Holland, Operation Market-Garden
Gavin and the 82nd were part of Field Marshall Montgomery’s plan to end the war in 1944. His bold, ambitious plan was to lay an airborne carpet of troops in Holland, consisting of the 101st, 82nd, and the 1st British Airborne. Their goal was to capture vital bridges. Then British armored units, part of XXX Corps, were to race up the narrow highway to capture the all-important bridge at Arnhem and move into Germany.
Holland was expected to be lightly defended by old men and boys and it was thought that XXX Corps could reach the British 1st Airborne in Arnhem in three days. But the Germans had sent several SS Armored units to Holland to rest and resupply after the debacle and near collapse of the German army in France.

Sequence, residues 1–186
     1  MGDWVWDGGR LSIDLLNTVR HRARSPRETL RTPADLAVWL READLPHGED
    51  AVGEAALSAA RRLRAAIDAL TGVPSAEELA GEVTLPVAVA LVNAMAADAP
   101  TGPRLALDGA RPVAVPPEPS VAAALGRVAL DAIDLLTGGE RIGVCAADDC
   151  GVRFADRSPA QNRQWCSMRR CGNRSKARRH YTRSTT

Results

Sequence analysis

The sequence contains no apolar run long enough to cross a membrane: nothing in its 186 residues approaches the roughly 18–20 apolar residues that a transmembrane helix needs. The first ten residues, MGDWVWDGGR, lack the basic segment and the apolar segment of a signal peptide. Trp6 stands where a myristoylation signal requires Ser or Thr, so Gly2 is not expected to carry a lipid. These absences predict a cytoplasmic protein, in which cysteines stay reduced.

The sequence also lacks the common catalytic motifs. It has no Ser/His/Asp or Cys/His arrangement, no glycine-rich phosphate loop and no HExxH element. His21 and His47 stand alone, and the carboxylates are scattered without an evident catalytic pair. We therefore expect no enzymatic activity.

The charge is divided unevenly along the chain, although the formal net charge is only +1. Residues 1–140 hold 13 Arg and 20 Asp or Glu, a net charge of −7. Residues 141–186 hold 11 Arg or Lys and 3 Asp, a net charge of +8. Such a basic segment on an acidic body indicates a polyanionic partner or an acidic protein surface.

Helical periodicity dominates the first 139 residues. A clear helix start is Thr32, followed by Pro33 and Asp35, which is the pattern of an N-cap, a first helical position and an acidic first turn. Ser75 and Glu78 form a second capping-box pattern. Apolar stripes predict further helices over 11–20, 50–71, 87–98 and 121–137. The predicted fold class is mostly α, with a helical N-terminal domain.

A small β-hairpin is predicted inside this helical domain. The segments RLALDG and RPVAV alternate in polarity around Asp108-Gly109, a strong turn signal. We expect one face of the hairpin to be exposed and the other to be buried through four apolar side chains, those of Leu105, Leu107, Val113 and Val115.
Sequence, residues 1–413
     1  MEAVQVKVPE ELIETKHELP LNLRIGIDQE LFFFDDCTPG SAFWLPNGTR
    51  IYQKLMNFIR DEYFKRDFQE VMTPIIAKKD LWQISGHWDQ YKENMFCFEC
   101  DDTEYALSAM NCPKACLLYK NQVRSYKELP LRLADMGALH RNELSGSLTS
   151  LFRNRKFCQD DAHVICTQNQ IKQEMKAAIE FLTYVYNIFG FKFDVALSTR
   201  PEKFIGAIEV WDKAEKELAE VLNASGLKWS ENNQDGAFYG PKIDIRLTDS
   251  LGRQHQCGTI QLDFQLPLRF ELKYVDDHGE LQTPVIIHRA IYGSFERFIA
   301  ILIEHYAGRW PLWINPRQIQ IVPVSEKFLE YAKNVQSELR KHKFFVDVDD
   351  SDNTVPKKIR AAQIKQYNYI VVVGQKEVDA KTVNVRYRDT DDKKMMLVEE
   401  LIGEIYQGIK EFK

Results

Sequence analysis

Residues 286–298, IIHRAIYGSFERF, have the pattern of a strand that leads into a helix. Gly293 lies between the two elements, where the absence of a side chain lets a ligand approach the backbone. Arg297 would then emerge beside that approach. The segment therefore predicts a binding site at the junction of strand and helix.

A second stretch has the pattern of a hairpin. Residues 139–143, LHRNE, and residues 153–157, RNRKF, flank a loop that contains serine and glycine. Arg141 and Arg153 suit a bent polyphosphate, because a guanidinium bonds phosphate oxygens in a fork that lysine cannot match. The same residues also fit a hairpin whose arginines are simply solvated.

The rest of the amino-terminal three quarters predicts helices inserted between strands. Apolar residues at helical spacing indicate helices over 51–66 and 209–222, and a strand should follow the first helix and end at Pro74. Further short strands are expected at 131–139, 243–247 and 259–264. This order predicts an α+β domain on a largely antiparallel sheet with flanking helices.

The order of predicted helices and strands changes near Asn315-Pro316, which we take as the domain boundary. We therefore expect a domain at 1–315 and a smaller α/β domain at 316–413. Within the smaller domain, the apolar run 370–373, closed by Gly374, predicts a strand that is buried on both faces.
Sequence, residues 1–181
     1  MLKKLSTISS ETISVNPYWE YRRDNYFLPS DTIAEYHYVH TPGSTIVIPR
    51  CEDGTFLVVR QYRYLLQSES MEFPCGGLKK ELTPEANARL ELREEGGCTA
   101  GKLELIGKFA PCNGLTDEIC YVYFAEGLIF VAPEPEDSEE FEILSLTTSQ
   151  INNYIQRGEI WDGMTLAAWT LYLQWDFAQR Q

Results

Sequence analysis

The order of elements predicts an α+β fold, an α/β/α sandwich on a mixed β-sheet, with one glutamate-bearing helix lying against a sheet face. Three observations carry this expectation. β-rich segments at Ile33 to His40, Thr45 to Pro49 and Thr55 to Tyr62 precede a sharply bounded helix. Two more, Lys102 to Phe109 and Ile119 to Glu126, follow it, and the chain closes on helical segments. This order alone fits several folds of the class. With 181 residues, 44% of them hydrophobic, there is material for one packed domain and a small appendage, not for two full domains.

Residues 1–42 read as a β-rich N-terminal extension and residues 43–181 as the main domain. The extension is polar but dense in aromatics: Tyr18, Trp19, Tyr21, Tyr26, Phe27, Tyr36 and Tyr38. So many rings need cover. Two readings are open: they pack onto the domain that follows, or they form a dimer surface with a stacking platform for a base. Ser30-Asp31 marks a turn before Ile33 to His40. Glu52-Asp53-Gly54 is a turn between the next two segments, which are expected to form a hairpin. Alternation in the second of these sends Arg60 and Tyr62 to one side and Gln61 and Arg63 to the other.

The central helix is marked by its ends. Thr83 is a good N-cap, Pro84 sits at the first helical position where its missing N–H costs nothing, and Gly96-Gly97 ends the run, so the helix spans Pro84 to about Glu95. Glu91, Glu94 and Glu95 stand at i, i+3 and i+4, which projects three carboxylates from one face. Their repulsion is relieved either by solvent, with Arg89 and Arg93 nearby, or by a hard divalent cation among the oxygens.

Resistance was much tougher than expected. By the time the 82nd took the last bridge between XXX Corps and Arnhem at Nijmegen, it was too late, as heavy German armored SS units had crushed the British troops holding one end of the bridge.
The 82nd was moved off the line in November and returned to France in reserve. It didn’t stay there for long. On December 16, the Germans launched a counterattack in the Ardennes, across a lightly defended stretch of green American troops.
Battle of the Bulge, Defeat of Germany
When the Germans attacked, it quickly became evident that the situation was dire. The 82nd, under Gavin, was thrown into the line on the northern edge of the bulge and held against elements of three different Panzer divisions, including the leading edge of the German attack by Kampfgruppe Peiper.